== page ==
5 Herbs With Natural Caffeine

If you were asked where caffeine comes from, does your mind conjure an image of coffee beans? I used to think that way as well. However, what if I told you that there are certain herbs that contain caffeine?

The 5 herbs that contain caffeine are: 1) Guarana (Paullinia cupana, P. sorbilis), 2) Cacao Beans (Theobroma cacao), 3) Tea Leaves (Camellia sinensis), 4)  Kola Nut (Cola acuminata, C. nitida), and 5) Yerba maté (Ilex paraguariensis). 

Isn’t it surprising to learn that plants could contain caffeine? Let’s find out more.

Herbs With The Highest Caffeine Content

In this section, we will not only list down the herbs with caffeine but we will also list the caffeine content in coffee for comparison. 

The amount of caffeine in coffee depends on how the coffee is prepared. 

Brewed Coffee: 1 cup (8 oz) has 70-140 mg of caffeine 

Espresso: 1 shot, 30-50 ml (1-1.75) contains 63 mg  

Decaf: Its caffeine content is between 0-7 mg/cup (3 mg). Despite its name, decaf is not truly caffeine-free.

The next sections describe the herbs with caffeine.

Guarana (Paullinia cupana, P. sorbilis)

Guarana is the herb with the highest caffeine content. It contains 4.5 g caffeine per 100g of guarana.

Guarana is native to the Brazilian Amazon where warrior natives drunk it prior to going on a hunt. They thought that it assists concentration, fight drowsiness, and stimulate the central nervous system.

It is also believed that drinking this guarana makes your satiety last longer and boost metabolism with the same amount of caffeine, promoting weight loss. This is why many weight-loss products have this plant as an additive.

Cacao Beans (Theobroma cacao)

Every 100 grams (3.5 ounces) of (unsweetened) cocoa powder, contains 230 milligrams of caffeine. According to the USDA 1 oz of dark chocolate contains 12 mg of caffeine. Many are of the opinion that this value refers to commercial “dark” chocolate which only has 45% cacao. True dark chocolate has 75-90% cacao.

Preparations of Cacao: Cacao nibs (a chocolate product made from crushed cocoa beans), cacao butter, and dark chocolate.

How We Make Cacao Nibs | Ep.50 | Craft Chocolate TV

Theobroma means “food of the gods.” The word cacao was used by the Mesoamericans to name the plant.

Tea Leaves (Camellia sinensis)

Tea leaves have 3.5% caffeine but commercial teas have around 3%. This is because leaves used in commercial tea undergo a decaffeination process using a chemical wash.

Most commercial teas go through this process. The caffeine content of decaf tea is between 1-8 mg while ordinary black tea is 30-60 mg and green tea has 25-50 mg.

Is There A Difference Between Caffeine-Free And Decaffeinated Tea?

Caffeine-free tea refers to tea from plants that do not have natural caffeine, an example of this is peppermint tea or jasmine tea. While decaffeinated teas are those whose leaves went through a chemical wash to lessen the caffeine content.

Kola Nut (Cola acuminata, C. nitida)

The kola nut comes from the kola tree which is indigenous to West Africa. The two main varieties are Cola acuminata and Cola nitida. Nigerians like to chew this bitternut that starts to taste sweet while chewing.

The nut contains between 2-3.5% caffeine. It is used as a remedy for common ailments such as headaches, cough, tuberculosis, diarrhea, and bacterial infection. It is a stimulant, a weight supplement, and improves the health of the cardiovascular system.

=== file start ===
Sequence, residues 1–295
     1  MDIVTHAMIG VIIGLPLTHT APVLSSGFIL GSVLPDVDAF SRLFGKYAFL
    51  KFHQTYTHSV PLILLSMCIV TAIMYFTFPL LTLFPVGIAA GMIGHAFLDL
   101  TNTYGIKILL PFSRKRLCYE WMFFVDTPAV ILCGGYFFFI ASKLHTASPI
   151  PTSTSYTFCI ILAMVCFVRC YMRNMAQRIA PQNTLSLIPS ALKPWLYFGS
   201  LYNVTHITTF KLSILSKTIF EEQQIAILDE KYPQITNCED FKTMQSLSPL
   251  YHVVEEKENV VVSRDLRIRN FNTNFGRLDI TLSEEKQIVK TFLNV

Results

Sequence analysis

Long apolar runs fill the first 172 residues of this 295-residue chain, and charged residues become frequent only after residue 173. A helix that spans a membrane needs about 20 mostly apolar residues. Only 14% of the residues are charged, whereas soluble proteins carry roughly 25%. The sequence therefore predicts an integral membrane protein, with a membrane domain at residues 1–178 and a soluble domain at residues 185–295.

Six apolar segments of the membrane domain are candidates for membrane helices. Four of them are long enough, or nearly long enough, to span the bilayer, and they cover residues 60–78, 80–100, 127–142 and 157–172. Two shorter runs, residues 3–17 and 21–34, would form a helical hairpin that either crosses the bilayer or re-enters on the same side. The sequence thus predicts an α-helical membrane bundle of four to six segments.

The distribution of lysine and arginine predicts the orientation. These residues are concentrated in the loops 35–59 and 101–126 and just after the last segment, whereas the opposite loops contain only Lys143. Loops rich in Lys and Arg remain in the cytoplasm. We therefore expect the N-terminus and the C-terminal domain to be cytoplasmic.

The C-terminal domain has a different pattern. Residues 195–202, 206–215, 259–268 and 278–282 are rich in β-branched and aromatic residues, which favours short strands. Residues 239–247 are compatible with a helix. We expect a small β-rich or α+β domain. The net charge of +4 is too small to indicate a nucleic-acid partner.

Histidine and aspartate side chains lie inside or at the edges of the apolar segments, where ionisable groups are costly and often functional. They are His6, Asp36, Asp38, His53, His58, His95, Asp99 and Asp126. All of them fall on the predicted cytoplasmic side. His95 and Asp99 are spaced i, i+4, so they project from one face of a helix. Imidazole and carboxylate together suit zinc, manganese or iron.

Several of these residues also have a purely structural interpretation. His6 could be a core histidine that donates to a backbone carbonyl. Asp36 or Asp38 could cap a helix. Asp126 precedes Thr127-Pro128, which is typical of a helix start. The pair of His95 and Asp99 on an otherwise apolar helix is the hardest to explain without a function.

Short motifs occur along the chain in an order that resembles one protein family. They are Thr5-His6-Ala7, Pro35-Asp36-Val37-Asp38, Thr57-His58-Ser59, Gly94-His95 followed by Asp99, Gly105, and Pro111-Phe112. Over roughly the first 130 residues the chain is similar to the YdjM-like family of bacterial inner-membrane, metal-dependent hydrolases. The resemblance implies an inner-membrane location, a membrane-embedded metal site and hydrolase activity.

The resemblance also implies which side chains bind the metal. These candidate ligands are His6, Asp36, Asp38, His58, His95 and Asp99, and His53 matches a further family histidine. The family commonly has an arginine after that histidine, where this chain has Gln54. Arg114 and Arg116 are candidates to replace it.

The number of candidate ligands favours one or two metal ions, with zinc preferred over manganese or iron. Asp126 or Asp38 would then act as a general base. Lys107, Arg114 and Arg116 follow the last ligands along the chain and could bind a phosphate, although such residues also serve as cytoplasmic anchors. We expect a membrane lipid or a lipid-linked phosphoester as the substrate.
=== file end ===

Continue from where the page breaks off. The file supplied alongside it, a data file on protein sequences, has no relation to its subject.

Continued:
The negative effects of kola nuts are linked to high caffeine consumption. People react to caffeine differently, the average that the body can tolerate is 400mg of caffeine per day. When it comes to chewing nuts, side effects depending on the number of nuts consumed.

Preparation Of Kola Nut: Chewed fresh or flavoring for energy drinks and additives to food.

Herbs With Natural Caffeine – Infographic

Yerba maté (Ilex paraguariensis)

Maté contains caffeine between 1% to 2% of dry weight.

Compared to other herb-based stimulant drinks, there is very little research about the yerba maté. Unfortunately, what research exists are epidemiological studies that pointed at yerba maté as the cause of the high incidence of esophageal cancer in places where it is regularly consumed.

In the 90s, the first paper regarding the antioxidants in maté was the catalyst for the interest in the herb. Maté has the folllowing health benefits: anti-fatigue and stimulates the central nervous system, anti-diabetic, improves digestion, affects weight loss.

Preparation Of Yerba Maté: the leaves and stems are dried over fire and then steeped in hot water to make tea. Yerba maté is traditionally consumed out of a hollow gourd using a special straw called bombilla. 

First, boil some water then fill your gourd with maté powder. Cover the opening of the gourd with your palm and shake vigorously. Push the larger stems to the bottom and bring the smaller ones to the top. 

Pour a little bit of cold water (preparation for infusion). Pour hot water up to the brim. Share and enjoy. The gourd can be refilled with hot water multiple times.

Yerba Mate | Thirsty For ...

Caffeine in Plants? 

Despite a large amount of research done on caffeine, scientists are still unsure why and how plants create it. What they are certain though is that this is the outcome of millions of years of plant evolution.

For the longest time, it was thought that plants had to evolve in this way in order to maximize their chances of survival. Caffeine in the plant’s system acts as a natural pesticide, warding off insects that may devour and kill them.

This theory appears to fit the special case of Robusta (Coffea canephora) and Arabica (Coffea arabica). The former has twice as much caffeine as the latter and grows at lower elevations, which is where most insects flourish.

Scientists did genomic sequences on coffee plants in 2014 and revealed that caffeine in coffee plants evolved differently from the caffeine in cacao plants. Convergent evolution describes how plants that evolved along separate paths eventually arrived at the same destination; in this example, producing caffeine.

Scientists added two more possible explanations why some plants have caffeine: a) remove the competition and b) attracting pollinators.

A – Remove The Competition

When the leaves of a caffeine-producing plant fall to the ground, they decay and contaminate the soil with caffeine and make the soil poisonous thus preventing seeds of other plants nearby from germinating.